Guam’s struggle for self-determination
A debate is heating up on the US territory of Guam about its political future. The Pacific island’s attorney general has filed an appeal to a federal court ruling that struck down a planned referendum on its political status. The ruling revolves around Arnold Davis, a long-time resident of the island who sued the Guam Elections Commission for not allowing him to vote because he is white. According to the law in Guam, only native residents are allowed to vote in the non-binding referendum.
Now, that question will go before the Ninth Circuit Court of Appeals in the United States. The island’s official status is as a non-self-governing territory. Guam has no official representation in the federal government, and its people are not full citizens of the country. If the referendum hadn’t been delayed, native Chamorro people and their descendants would have been voting on three options for the future of Guam: statehood, free association, or independence from the US.
Independence advocates want total political autonomy from the US. They want a greater say over decisions that the military makes on the island. They object to unilateral land seizures like the recent decision to convert a culturally important area into a firing range. Michael Bevacqua, Assistant Professor of Chamorro Studies at the University of Guam, calls it a “once in a lifetime vote, and it is tied to righting a historical wrong. A decolonisation plebiscite is not supposed to be open to everyone, it’s supposed to be reserved for those who have been denied the right to determine their own destiny.”
Supporters of statehood say that Guam needs the United States in order to live the life they are accustomed to. There would be too much uncertainty over the economy, the standard of living, and perhaps most worrying of all, the island of 161,700 people would no longer receive around $1.5 billion in federal aid and government programs.
Guam has a long history of colonization, beginning with centuries of Spanish rule, occupation by Japan in World War II for a three-year period, and has been “owned” by the US since 1899. The US military now occupies about 28 percent of Guam’s land. Its air and naval bases are among the most critical in the world, allowing access to the Straits of Taiwan and the South China Sea. Guam was the major launching pad for both the Vietnam and Korean wars. Recently, the military announced a massive expansion on the island. It intends to move around 4,000 troops plus their families from the Japanese island of Okinawa to Guam, after mass demonstrations against the US presence there.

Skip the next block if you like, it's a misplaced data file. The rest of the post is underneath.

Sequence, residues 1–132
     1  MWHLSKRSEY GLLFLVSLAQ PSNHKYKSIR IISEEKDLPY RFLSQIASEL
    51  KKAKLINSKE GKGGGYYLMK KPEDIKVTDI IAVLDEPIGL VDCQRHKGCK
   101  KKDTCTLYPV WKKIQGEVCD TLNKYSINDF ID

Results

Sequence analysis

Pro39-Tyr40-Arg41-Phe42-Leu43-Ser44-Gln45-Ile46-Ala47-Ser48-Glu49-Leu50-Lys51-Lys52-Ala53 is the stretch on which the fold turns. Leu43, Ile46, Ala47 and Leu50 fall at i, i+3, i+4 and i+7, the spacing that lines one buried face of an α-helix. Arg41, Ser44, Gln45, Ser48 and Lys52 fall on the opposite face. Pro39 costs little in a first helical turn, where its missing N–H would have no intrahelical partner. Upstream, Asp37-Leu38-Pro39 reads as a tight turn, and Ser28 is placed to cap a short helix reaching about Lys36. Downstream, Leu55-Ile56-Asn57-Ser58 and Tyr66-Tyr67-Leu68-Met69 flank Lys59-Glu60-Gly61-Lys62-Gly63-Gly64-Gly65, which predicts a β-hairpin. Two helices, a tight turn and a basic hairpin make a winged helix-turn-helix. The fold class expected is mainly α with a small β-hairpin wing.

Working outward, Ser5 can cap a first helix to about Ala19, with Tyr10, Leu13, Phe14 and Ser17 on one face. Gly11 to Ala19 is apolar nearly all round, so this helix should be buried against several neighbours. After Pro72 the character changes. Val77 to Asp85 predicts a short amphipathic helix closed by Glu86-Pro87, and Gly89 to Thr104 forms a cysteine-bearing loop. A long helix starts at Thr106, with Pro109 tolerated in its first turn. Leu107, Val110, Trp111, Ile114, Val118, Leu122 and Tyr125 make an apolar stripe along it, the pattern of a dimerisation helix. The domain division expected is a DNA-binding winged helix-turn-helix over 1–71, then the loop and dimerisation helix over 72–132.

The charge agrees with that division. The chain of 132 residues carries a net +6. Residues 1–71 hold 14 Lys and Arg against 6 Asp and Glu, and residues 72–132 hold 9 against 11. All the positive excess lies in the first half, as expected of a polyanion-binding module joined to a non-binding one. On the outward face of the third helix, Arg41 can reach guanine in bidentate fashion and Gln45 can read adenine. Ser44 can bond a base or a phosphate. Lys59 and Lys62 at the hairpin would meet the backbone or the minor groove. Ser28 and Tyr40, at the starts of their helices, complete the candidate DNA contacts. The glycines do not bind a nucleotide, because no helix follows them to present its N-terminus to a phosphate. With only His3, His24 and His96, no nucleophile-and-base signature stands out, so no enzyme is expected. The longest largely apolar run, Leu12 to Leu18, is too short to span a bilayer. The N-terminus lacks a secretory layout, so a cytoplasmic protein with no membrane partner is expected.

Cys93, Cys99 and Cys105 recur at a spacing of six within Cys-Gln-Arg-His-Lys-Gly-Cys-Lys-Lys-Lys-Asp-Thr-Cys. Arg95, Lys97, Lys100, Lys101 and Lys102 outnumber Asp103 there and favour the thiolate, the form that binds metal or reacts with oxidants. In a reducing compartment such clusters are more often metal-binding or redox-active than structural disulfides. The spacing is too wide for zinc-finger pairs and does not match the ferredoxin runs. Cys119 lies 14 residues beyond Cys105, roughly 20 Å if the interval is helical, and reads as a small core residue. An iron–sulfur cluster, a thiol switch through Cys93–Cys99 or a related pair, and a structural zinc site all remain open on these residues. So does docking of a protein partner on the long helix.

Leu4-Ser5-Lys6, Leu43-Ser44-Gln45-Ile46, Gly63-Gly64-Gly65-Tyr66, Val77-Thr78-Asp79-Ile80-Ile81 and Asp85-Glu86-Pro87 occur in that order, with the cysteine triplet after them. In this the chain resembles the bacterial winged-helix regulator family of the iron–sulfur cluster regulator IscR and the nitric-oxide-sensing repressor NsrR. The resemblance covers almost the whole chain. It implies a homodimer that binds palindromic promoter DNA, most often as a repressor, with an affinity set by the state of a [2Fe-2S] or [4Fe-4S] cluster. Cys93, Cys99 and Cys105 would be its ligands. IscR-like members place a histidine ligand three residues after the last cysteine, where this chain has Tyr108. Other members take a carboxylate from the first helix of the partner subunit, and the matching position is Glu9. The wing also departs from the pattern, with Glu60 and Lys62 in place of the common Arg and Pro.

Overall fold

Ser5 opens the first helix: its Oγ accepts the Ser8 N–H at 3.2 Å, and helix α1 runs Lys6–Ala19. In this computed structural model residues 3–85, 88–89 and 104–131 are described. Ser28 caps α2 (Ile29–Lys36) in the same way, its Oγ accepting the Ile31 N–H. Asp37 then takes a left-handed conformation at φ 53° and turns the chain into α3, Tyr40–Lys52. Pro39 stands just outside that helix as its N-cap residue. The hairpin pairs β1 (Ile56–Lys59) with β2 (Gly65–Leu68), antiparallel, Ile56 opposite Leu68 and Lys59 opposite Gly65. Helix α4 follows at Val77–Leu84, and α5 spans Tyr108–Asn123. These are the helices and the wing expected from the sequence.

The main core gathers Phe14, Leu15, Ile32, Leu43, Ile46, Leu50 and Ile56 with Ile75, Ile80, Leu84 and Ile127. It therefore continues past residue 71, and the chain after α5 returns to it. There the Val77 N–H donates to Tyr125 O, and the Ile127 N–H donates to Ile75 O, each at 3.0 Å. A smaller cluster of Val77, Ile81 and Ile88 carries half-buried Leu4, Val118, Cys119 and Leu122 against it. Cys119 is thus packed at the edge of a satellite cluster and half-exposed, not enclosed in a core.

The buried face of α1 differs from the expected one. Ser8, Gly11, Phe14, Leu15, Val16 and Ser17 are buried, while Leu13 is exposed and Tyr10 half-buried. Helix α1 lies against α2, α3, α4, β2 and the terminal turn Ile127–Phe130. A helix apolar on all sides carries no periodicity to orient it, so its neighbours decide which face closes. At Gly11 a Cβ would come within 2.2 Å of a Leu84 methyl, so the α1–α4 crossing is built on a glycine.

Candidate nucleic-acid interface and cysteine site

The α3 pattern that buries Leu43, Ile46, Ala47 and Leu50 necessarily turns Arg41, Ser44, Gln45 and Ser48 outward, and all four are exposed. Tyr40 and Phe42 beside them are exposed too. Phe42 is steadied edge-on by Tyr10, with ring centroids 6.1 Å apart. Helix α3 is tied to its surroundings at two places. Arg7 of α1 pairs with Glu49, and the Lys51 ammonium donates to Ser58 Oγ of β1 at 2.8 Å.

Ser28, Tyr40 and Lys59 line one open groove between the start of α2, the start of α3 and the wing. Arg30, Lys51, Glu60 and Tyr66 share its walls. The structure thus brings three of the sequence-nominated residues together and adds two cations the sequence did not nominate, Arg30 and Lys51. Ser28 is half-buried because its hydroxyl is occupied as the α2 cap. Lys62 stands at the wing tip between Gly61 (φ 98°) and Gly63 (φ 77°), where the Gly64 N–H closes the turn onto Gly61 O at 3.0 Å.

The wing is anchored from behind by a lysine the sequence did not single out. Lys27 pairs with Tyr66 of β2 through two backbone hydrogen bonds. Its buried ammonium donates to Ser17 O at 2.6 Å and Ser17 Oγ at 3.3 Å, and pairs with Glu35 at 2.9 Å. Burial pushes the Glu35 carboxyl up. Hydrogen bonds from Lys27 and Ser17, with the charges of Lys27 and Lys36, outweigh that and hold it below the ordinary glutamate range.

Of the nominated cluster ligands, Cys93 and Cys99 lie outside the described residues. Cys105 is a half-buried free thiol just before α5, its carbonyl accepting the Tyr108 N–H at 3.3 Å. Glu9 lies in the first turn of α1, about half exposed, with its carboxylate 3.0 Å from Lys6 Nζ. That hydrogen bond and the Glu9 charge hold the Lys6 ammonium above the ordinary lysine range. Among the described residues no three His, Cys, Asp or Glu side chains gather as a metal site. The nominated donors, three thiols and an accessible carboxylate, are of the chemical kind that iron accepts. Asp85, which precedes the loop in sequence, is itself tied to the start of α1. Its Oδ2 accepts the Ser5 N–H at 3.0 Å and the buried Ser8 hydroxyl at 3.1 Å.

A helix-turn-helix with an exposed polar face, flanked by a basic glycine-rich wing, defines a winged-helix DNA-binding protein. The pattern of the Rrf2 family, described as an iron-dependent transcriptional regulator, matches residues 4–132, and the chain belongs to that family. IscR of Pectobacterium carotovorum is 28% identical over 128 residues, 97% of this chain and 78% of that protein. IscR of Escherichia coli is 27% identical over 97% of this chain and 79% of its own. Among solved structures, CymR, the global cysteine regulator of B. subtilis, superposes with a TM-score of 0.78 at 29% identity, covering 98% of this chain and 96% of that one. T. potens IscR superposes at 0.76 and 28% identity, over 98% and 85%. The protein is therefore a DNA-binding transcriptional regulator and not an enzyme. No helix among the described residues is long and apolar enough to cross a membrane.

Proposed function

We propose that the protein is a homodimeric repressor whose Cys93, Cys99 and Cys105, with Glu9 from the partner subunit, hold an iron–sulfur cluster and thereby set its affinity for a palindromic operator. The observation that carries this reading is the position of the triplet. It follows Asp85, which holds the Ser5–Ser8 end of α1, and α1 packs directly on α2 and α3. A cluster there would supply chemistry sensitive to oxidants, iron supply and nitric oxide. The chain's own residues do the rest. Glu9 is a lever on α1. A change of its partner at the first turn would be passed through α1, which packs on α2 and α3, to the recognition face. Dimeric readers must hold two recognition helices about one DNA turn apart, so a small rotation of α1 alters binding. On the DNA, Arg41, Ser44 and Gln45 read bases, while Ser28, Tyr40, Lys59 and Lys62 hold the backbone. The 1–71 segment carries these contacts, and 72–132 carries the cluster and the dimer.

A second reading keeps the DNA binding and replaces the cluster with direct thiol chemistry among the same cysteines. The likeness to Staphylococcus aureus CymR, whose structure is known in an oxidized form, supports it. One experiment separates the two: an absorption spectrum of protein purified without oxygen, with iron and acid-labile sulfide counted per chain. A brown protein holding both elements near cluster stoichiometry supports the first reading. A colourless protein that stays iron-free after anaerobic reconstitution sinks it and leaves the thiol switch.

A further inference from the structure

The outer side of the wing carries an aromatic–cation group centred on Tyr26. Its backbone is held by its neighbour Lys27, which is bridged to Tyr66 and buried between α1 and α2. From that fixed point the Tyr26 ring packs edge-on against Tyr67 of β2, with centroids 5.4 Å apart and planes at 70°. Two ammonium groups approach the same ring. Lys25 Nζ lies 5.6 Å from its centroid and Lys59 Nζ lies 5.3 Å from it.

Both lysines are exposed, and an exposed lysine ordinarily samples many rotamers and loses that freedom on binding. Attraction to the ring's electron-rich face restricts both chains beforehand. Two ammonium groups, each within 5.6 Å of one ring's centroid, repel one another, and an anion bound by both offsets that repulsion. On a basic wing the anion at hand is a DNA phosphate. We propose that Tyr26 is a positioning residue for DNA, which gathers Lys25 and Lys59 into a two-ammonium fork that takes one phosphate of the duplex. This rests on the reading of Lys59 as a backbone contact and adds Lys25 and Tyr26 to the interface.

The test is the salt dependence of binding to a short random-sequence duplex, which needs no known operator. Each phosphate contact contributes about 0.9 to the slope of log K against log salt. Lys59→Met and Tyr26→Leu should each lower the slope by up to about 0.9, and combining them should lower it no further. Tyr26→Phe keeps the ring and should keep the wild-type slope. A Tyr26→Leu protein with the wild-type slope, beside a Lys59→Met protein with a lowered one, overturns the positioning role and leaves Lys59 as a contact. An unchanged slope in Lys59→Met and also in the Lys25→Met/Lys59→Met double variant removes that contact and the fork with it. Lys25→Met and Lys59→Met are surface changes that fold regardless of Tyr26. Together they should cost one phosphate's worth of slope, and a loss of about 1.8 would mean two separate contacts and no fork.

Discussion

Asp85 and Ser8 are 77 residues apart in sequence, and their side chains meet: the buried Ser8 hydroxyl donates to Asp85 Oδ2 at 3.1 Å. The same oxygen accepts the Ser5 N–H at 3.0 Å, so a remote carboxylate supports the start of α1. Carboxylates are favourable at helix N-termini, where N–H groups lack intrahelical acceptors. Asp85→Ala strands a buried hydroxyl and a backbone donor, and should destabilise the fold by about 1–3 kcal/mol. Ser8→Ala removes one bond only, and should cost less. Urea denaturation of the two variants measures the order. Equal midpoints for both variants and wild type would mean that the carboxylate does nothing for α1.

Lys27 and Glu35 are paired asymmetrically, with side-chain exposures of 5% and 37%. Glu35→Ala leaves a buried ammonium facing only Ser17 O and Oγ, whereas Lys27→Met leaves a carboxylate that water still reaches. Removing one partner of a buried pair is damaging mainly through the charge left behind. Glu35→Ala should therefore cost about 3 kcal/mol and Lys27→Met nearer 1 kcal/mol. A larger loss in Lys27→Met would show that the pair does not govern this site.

The military is an important part of the economy and culture in Guam. One in eight people living on the island are veterans, and residents serve at a rate that’s three times higher than anywhere else in the United States. During the US wars in Iraq and Afghanistan, four of the Army’s top recruiters were from Guam, and enlistment on the island doubled while it was falling almost everywhere else in the nation, according to a PBS documentary.
While the plebiscite itself does not have any legal impact on the status of Guam, it would send an important message to the mainland on what direction the people of Guam wish to go, and clarify the future role of the military on the island.
The Stream discusses Guam’s options and how its choices could affect its relationship with the military.
On this episode of The Stream, we speak with:
Victoria-Lola Leon Guerrero
Co-Chair, Independence for Guåhan Task Force
Chair, Free Association Task Force
Robert Underwood @PresidentUOG
President, University of Guam
Supporter of statehood for Guam
What do you think? Leave your thoughts in the comments below.
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